Argonne: EVs will have gas-like energy density by 2045

You need to look at the whole picture.

Fact #1: the energy and power density of automotive batteries are constantly increasing. Fact #2: they still have a long, long way to go to match the energy density of gasoline. Fact #3: according to Argonne National Lab, once you correct for the efficiency of the powertrain, we're only 40 years away from a time when gas and electric powertrains will offer the same energy density.

The problem, from a plug-in vehicle perspective, is that gasoline is about 100 times as energy dense as today's lithium-ion battery. As a brief refresher, energy density refers to the amount of energy you can put into a given amount of stuff. So, say, you've got 10 pounds of gasoline and 10 pounds of li-ion battery. One will take you X miles and the other a fraction of that. And so, given that 100x factor mentioned above, you'd need 100 pounds of battery to go as far as those 10 pounds of gasoline would take you, if all other factors were the same. That's the problem.

Just looking at the gas tank and battery is an "incomplete analysis."

But Argonne looked at things a little different, mainly because all those other factors are not the same. An all-electric powertrain loses nowhere near as much energy as a gasoline engine does as it converts fuel into motion. So, you don't need as much energy to go a set distance in the EV compared to the gas car. Just looking at the gas tank and battery is an "incomplete analysis," the Argonne authors say, that, "ignores the impact of powertrain efficiency and mass of the powertrain itself." The paper doesn't address charging vs. refueling time, but who knows where that technology will be in 2045. The abstract continues:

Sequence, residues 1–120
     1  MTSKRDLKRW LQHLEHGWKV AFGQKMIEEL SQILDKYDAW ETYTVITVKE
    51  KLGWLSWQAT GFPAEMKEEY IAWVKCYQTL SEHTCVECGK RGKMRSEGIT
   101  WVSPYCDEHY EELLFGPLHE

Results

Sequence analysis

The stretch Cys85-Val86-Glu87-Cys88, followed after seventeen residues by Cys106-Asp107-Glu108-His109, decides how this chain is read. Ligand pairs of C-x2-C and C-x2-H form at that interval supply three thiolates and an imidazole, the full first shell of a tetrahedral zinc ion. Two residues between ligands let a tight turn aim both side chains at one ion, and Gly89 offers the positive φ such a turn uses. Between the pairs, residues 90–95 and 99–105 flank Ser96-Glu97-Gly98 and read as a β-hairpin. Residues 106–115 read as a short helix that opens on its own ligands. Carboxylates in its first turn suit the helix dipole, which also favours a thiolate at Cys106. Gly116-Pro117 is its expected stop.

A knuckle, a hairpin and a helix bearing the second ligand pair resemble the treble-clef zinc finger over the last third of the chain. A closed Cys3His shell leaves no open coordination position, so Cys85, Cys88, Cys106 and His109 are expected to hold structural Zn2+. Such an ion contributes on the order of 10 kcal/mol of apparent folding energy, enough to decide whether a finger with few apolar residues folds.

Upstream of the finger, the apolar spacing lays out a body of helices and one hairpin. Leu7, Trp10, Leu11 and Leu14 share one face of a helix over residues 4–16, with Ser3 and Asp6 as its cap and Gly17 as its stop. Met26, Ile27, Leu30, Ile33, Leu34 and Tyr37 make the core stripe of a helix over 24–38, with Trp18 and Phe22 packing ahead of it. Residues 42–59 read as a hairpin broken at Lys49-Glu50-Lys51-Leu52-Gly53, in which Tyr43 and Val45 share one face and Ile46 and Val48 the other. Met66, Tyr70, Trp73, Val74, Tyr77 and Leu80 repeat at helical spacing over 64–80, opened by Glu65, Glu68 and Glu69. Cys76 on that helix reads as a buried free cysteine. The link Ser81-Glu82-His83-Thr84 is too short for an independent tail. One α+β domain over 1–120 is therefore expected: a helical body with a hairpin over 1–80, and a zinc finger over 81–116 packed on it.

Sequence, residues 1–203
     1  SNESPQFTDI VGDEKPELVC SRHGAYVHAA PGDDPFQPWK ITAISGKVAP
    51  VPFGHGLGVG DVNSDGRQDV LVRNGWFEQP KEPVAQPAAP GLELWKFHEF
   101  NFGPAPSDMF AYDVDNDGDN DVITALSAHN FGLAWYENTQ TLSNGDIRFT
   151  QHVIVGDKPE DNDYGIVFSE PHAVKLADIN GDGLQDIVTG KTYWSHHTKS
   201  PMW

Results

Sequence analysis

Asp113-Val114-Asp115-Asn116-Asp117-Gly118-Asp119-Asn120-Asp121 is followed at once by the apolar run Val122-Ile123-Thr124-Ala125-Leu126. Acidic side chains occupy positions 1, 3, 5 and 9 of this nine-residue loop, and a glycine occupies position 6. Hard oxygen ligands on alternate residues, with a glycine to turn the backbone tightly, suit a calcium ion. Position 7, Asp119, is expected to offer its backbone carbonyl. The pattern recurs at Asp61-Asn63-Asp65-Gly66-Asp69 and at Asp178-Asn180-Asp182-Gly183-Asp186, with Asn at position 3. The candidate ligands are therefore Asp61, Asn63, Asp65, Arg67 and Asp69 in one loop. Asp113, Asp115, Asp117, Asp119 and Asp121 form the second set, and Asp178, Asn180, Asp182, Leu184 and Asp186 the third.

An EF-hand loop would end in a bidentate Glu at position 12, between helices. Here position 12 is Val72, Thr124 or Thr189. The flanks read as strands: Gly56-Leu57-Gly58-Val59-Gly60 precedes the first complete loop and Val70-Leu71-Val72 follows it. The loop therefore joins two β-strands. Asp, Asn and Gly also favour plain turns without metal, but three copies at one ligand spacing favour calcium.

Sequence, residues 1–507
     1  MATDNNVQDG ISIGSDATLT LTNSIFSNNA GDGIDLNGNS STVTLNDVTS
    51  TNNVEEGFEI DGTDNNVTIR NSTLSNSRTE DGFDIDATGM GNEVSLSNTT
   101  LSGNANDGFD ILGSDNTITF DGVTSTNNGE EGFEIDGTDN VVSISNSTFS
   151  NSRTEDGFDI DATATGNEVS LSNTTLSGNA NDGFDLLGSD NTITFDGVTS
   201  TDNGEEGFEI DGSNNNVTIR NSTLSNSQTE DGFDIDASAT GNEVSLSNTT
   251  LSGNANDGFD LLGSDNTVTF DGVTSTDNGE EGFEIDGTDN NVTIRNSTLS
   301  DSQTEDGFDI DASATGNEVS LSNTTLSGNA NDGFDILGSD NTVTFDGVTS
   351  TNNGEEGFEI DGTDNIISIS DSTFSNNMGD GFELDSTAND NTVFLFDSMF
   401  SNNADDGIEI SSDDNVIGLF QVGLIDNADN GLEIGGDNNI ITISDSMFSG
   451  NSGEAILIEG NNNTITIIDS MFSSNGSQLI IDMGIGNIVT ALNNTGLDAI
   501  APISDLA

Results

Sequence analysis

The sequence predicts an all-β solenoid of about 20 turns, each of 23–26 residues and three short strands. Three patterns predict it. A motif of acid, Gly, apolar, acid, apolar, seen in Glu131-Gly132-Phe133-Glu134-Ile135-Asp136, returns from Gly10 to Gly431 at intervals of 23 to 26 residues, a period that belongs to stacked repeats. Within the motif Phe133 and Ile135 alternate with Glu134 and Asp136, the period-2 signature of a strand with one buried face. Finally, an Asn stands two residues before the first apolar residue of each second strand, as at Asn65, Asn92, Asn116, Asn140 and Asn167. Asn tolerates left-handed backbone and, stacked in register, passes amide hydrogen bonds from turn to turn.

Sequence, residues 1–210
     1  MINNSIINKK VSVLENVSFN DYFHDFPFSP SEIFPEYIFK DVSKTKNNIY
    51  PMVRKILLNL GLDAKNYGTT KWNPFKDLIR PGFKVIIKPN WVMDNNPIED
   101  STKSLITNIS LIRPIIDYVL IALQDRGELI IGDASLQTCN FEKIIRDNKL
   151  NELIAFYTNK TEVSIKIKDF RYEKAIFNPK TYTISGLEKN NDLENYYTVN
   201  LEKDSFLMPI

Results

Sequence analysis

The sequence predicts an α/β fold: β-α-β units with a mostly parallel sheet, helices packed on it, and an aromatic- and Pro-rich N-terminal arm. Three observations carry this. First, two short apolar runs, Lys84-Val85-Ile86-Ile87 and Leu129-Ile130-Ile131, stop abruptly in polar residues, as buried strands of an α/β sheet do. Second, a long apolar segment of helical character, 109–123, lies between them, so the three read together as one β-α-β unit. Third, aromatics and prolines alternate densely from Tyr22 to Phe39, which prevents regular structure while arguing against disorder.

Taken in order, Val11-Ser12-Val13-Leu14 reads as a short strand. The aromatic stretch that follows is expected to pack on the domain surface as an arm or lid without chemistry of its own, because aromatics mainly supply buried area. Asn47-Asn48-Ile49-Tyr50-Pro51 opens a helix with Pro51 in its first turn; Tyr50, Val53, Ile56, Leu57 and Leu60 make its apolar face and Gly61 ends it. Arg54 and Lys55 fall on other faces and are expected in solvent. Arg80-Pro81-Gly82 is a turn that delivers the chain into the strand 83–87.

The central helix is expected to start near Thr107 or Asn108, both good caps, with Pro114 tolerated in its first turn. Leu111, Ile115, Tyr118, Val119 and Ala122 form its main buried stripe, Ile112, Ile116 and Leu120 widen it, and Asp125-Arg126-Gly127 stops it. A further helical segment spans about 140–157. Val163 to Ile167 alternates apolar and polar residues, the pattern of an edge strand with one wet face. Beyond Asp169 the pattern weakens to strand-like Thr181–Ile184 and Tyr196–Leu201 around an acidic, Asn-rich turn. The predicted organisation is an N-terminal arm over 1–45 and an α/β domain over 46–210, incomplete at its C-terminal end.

When we compare the potential of battery electric vehicles (BEVs) as an alternative for conventional vehicles, it is important to include the energy in the fuel and their storage as well as the eventual conversion to mechanical energy. For instance, useful work expected out of a conventional vehicle as well as a BEV is the same (to drive 300 miles with a payload of about 300 lb). However, the test weight of a Conventional vehicle and BEV will differ on the basis of what is needed to convert their respective stored energy to mechanical energy.

When you look at the complete picture, that's when the 2045 date comes into view. The paper says, "By 2045, BEV 300s will be comparable to conventional vehicles in terms of the energy spent at the wheel per kg of the powertrain mass." You can read more here.

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